Former fighters told MEE they were able to travel to Libya with "no questions asked" at the time of the conflict, even though some were subject to counter-terrorism control orders restricting their movement.
At the time, the LIFG was a proscribed terrorist organisation, although it was delisted in 2019.
The inquiry has also examined Salman Abedi’s contact with a number of other individuals who travelled to fight in Libya and Syria or have been convicted of terrorism offences in the UK.
They include Abdalraouf Abdallah, who was convicted in 2016 of helping people travel to Syria to fight and of trying to send money to his brother who had travelled to Syria to join the Islamic State (IS) group in 2014.
Salman Abedi and other members of his family had continued to travel back and forth between the UK and Libya as the Islamic State (IS) group was gaining territory in the country.
Members of the family were routinely stopped and questioned while travelling, the inquiry heard, and material indicative of support for IS was found on Ismail Abedi’s phone during one airport stop in 2015.
'Fixated on Syria'
Weatherby said the inquiry needed to consider whether “information regarding the brothers’ allegiance to ISIS was taken seriously enough or were the security services too fixated on Syria and missed the evidence elsewhere?”
The inquiry heard that MI5 first received information about Salman Abedi in 2010 when he was 15. In March 2014, he was designated a subject of interest because of his contacts with another subject of interest. But the investigation was closed in July 2014, shortly after he had travelled to Libya.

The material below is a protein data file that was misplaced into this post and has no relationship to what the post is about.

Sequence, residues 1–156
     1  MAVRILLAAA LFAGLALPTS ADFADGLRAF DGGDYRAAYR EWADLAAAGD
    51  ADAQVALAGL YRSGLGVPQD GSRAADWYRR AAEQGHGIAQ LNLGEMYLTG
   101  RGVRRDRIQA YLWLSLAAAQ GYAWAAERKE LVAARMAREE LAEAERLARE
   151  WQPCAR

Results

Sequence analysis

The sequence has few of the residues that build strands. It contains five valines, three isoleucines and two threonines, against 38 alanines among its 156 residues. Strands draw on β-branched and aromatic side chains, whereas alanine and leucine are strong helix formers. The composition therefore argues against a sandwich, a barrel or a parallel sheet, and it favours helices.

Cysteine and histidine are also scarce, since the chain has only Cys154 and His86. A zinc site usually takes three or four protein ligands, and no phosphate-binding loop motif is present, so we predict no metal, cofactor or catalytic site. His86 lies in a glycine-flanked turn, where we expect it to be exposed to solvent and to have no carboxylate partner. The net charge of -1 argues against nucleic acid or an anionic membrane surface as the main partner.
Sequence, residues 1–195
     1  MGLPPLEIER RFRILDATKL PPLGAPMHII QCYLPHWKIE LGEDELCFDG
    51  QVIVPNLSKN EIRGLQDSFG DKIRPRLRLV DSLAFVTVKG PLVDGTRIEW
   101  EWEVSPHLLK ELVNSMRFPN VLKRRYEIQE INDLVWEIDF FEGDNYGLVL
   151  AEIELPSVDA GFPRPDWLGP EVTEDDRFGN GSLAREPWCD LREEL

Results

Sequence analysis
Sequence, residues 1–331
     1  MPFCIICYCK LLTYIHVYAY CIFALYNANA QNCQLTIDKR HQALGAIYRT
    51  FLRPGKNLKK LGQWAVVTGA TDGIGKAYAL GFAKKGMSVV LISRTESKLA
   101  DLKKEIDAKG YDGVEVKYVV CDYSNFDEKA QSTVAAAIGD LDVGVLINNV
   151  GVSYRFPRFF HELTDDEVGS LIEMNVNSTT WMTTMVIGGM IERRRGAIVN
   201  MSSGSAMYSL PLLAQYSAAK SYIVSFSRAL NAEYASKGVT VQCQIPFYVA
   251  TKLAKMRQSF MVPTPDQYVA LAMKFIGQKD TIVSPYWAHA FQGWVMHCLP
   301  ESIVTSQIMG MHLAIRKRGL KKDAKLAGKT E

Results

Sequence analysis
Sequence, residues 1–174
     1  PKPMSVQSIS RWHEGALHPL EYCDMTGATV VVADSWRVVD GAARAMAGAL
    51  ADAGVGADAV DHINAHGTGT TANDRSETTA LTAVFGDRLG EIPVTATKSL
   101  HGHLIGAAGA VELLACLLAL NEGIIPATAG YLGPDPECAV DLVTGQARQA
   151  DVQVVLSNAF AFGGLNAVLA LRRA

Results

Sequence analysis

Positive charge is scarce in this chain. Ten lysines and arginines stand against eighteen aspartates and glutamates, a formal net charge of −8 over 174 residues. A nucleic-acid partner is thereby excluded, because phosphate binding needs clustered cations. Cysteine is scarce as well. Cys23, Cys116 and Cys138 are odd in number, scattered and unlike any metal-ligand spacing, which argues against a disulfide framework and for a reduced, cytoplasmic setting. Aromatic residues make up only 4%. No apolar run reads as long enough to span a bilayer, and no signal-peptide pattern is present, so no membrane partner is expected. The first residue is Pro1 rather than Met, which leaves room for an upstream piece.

Weatherby noted that MI5 had received further intelligence on him in 2015 and 2016 and said he had been linked to eight other subjects of interest between 2013 and 2017.
But he expressed frustration that MI5 had not been able to provide more answers to the families about its knowledge of Abedi prior to the bombing.
He cited the evacuation of Salman and Hashem Abedi from Tripoli along with other British nationals aboard a Royal Navy warship in August 2014 amid widespread fighting in the country between rival armed groups.
Weatherby said the inquiry had heard in open session that the brothers had agreed to be debriefed on their return to the UK, but that the families had been stopped from asking whether a debrief took place.
“The families are bemused as to how the fact of a debrief taking place could be deemed to be a potential threat to national security,” he said in his closing statement to the inquiry.
Weatherby’s concerns were echoed by lawyers representing other family groups.
John Cooper, representing families of 12 of the victims, accused MI5 of using closed sessions to “close down open analysis and challenge” in a way that had caused the families “an immense sense of frustration”.
"We question the transparency and genuine motivations of MI5 and the security services, not only to assist this inquiry but to place matters properly suitable for open hearing in the open hearing domain in plain sight to be examined by the families," he said.
In its closing statement to the inquiry, the UK government said MI5 had consistently made clear that it welcomed “rigour and intensity” and had responded to questions with “complete frankness”.
“For the avoidance of any doubt, M15 has not sought to withhold public disclosure of information in order to protect its reputation or otherwise avoid scrutiny and, had it sought to do so, the Inquiry would not have permitted it,” the government said.